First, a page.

Links to Australia

There are no known direct links between al-Murabitun and Australia.

Threats to Australian interests

Al-Murabitun has not made statements specifically threatening Australians or Australian interests; however, al-Murabitun has issued statements threatening Westerners and Western interests in general and has attacked locations known to be popular with Westerners including hotels in Cote d’Ivoire, Burkina Faso and Mali. Australian nationals are a visible Western presence residing, working or travelling in regions in which al-Murabitun may operate. There are also publicly listed Australian mining and business interests in these regions.

Al-Murabitun has kidnapped Westerners, including Australian nationals, in the region. In January 2016, the group kidnapped Australian nationals Kenneth and Jocelyn Elliott from Djibo, Burkina Faso. The group claimed the primary motive for the kidnapping was to gain the release of their captives “who sit behind bars and suffer the pain of imprisonment, as well as being deprived of their basic rights”. Jocelyn Elliott was released on 6 February 2016; Kenneth Elliott has not yet been recovered.

Listed by the United Nations or like-minded countries

  • In December 2013, the United States listed al-Murabitun as an alias of the al-Moulathamoune battalion.
  • In April 2014, the United Kingdom proscribed al-Murabitun.
  • On 2 June 2014, Canada first proscribed al-Murabitun and relisted the group on 20 November 2016.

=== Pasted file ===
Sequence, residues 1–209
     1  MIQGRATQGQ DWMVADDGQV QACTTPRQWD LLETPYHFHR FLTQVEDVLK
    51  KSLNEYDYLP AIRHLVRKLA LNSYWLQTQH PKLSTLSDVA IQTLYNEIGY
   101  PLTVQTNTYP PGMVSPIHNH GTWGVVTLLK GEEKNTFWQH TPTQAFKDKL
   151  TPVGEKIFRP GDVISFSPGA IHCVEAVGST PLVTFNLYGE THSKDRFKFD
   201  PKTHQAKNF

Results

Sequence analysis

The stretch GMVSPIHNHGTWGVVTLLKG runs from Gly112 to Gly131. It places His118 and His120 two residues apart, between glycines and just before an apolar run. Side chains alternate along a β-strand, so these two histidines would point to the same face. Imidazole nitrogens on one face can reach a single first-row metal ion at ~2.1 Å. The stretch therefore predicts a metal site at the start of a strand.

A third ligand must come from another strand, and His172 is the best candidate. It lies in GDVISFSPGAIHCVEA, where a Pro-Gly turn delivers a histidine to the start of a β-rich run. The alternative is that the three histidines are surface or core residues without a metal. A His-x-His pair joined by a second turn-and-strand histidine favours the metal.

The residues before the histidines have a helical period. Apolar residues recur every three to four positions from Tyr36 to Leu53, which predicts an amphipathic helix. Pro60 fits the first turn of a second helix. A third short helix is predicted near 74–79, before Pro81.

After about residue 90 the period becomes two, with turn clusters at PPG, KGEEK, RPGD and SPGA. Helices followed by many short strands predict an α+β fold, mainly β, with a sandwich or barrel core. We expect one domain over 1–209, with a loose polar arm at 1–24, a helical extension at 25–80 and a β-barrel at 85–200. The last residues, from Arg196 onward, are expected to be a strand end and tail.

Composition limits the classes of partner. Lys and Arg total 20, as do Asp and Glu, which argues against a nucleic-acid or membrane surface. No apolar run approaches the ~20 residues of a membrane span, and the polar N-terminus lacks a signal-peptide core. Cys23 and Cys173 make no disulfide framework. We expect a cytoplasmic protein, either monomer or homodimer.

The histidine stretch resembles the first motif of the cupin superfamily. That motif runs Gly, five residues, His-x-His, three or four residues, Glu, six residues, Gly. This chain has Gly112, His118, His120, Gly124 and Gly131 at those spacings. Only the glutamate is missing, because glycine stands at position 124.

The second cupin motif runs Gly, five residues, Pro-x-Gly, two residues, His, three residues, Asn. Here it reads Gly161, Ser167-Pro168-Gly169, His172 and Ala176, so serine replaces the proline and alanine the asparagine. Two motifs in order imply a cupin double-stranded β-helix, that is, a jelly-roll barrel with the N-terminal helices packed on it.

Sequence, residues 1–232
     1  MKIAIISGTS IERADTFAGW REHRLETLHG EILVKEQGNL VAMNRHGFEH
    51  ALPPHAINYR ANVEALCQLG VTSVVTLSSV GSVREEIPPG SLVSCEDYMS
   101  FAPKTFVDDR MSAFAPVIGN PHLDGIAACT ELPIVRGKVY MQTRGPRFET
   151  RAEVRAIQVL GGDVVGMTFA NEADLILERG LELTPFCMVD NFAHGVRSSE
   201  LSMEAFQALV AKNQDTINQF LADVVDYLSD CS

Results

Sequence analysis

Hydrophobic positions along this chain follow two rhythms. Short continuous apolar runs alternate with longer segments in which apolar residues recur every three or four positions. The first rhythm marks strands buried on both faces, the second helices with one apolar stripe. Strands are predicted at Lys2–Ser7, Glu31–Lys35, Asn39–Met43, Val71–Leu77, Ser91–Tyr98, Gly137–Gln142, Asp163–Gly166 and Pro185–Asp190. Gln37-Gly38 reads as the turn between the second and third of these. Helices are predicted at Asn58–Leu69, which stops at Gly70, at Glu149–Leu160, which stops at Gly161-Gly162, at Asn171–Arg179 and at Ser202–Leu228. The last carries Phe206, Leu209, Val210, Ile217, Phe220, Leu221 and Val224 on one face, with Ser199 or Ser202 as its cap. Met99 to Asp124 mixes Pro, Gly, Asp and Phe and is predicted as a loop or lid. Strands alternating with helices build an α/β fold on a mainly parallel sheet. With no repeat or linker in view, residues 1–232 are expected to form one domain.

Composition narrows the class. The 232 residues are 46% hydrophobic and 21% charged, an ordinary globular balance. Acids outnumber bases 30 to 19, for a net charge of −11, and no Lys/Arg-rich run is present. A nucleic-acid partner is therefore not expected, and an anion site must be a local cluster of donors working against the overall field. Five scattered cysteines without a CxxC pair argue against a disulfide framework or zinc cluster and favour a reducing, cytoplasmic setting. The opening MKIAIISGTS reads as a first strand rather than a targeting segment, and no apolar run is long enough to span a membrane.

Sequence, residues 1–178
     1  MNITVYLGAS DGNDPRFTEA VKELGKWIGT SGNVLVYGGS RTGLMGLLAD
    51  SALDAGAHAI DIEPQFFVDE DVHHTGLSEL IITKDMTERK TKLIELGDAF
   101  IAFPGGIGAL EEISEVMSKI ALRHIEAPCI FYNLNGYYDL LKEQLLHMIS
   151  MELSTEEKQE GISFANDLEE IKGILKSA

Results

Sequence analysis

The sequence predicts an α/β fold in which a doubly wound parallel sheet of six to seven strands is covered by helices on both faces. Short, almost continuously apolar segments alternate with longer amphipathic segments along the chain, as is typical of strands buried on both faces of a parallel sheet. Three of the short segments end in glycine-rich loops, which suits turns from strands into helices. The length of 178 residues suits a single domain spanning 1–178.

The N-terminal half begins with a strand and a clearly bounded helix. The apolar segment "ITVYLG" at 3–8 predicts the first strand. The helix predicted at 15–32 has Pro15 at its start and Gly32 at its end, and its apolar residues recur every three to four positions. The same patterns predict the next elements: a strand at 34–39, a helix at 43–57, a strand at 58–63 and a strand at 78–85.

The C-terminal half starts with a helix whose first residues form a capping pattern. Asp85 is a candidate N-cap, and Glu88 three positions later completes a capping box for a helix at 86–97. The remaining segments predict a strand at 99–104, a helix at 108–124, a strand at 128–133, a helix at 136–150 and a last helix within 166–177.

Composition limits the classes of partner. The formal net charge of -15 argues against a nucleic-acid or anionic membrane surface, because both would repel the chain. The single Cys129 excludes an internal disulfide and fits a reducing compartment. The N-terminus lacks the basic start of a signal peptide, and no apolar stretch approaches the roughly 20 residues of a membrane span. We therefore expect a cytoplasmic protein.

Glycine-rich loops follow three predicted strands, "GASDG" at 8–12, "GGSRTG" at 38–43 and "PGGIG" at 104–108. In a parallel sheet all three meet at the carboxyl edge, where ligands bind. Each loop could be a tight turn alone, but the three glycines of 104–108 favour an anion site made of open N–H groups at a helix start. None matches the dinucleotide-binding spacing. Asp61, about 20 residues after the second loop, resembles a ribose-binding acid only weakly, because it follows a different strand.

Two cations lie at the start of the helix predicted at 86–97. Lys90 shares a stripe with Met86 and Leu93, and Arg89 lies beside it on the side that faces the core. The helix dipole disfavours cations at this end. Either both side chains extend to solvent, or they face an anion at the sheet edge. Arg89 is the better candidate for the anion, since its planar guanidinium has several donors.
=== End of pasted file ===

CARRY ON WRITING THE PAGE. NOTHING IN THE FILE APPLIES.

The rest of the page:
• On 2 June 2014, the United Nations listed al-Murabitun under the United Nations Security Council 1267 (al-Qa’ida) Sanctions Committee’s consolidated list as an entity associated with al-Qa’ida.
  • In June 2014, New Zealand designated al-Murabitun a terrorist entity.

Engagement in peace or mediation processes

Since it was last listed, al-Murabitun is not known to have participated in peace or mediation processes.

Conclusion

On the basis of the above information, ASIO assesses that al-Murabitun continues to be directly or indirectly engaged in, preparing, planning, assisting in or fostering the doing of terrorist acts or advocates the doing of terrorist acts, involving threats to human life and serious damage to property.

In the course of pursuing its objectives, al-Murabitun is known to have committed or threatened actions that:

  1. cause, or could cause, death, serious harm to persons, serious damage to property, endanger life (other than the life of the person taking the action), or create a serious risk to the health or safety of the public or a section of the public;
  2. are intended to have those effects;
  3. are done with the intention of advancing al-Murabitun’s political, religious or ideological causes;
  4. d) are done with the intention of intimidating the government of one or more foreign countries; and
  5. are done with the intention of intimidating the public or sections of the public.